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Home / News and Insights / Blogs / Public Affairs / 291: Beware changing communications

As well as knowing what is happening in parliament, good public affairs advice needs to draw on government communications. But these are changing and we need to be keeping track of how they are developing, and learn lessons.

It has often been the case that some good media monitoring has kept us up-to-date with official government communications. But Alex Aiken, executive director of the Government Communication Service recently outlined in a blog, and covered in PR Week, how he sees government communications developing.

It seems that there are big changes on the way, in particular looking at ways in which communications can be made directly rather than relying on conduits which could alter the aims of the work:

‘Whatever means of delivery we choose, we need to minimise opportunities for our messages to become diluted or distorted. Direct communication helps us to get our messages out more quickly, and creates better conditions for building trust and providing information about government services.’

So we need to be on the lookout for these types of direct measures and be less reliant on simply paying attention to traditional media channels.

For Aiken, the issue isn’t just one of potential distortion but also of developing ways in which trust can be rebuilt:

‘In an age of disinformation and diminished levels of trust, we need to deliver our messages to the public using the most direct route. Digital and social media make this easier to achieve. From video and live content to using owned and shared channels, we need to find new ways to cut through overcrowded, noisy online spaces.’

So this provides an indication of where we in public affairs need to look for our information and the sorts of formats it will be in as well.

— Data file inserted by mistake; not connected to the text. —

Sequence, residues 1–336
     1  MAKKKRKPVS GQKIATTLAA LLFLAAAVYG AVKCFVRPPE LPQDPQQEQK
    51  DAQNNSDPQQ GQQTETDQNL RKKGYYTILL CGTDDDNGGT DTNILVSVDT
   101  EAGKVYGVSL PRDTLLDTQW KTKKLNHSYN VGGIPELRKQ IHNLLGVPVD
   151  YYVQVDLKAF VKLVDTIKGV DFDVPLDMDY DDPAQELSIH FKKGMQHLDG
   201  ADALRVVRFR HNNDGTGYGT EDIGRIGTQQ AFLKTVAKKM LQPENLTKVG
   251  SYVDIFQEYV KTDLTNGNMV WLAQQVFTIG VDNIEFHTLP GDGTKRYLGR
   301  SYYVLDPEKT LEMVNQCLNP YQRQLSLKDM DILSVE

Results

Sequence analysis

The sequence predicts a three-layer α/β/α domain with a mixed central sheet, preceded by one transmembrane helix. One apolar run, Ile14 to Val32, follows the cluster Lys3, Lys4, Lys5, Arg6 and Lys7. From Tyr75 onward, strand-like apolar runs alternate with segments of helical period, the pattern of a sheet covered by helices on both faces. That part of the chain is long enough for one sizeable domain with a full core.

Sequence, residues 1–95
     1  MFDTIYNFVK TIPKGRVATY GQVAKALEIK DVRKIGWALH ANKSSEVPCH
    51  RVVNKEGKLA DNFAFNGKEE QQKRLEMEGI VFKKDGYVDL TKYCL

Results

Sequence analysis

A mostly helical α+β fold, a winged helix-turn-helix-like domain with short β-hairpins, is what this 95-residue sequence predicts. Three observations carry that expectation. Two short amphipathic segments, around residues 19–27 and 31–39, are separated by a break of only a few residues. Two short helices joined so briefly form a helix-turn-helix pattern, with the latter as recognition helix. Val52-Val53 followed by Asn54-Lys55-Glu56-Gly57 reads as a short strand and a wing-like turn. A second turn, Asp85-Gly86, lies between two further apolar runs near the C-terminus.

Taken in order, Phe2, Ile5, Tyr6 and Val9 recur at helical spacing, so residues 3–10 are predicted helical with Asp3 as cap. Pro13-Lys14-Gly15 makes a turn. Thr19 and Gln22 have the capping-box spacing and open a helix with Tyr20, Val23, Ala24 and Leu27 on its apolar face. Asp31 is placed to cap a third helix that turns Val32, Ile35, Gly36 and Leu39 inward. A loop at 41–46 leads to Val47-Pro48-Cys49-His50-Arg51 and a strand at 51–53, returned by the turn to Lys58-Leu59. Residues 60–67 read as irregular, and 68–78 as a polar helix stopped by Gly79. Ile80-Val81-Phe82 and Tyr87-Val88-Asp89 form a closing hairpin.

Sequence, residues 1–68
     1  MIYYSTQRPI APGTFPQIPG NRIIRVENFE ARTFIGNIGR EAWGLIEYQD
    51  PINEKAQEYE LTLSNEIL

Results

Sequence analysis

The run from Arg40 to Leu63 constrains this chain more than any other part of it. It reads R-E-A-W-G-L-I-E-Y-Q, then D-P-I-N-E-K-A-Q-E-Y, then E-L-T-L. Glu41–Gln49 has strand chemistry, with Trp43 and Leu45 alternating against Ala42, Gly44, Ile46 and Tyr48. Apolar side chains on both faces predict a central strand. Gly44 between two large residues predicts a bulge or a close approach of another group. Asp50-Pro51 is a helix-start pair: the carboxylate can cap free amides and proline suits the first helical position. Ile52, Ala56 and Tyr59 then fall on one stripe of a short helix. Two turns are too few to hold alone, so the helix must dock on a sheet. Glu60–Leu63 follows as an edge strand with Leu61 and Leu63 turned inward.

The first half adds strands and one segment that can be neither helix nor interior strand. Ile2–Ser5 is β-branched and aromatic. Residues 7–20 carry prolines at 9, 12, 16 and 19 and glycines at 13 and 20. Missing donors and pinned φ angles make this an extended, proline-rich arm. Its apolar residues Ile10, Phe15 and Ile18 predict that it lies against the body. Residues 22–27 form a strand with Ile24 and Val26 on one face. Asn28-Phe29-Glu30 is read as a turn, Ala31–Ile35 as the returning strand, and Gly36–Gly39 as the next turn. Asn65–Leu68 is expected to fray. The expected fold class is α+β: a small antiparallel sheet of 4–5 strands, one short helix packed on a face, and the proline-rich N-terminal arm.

The valuable role of data and insight to inform their work is also highlighted by Aiken – ‘Intelligence is everything.’

We can start to see how things are moving through the example of Transport Secretary, Grant Shapps MP, who has taken to blogging. A second blog on the Northern Powerhouse was recently posted in which he highlighted the role of the North East in the development of the green economy and applied some practical examples to the recent spending review showing how the measures will work locally.

So our public affairs engagement needs to reflect these sorts of changes and new information sources. These could include:

  • paying attention to the new channels, not getting caught out;
  • utilising the information in your engagement, not a media interpreted version;
  • being open to being a potential conduit for direct engagement;
  • ensuring that you can help, wherever possible, inform the insights needed by the communicators and
  • considering whether engagement may be possible through these new channels as well?

Aiken also highlights a lesson to public sector communicators that should apply equally to us all:

‘Automation and artificial intelligence are already replacing some aspects of communications. To future-proof our expertise, we need to constantly reinvent and upskill ourselves to use emerging technologies and adapt our practice.’

So communications will continue to develop, so we in public affairs need to as well if we are to remain relevant and deliver effective engagement.

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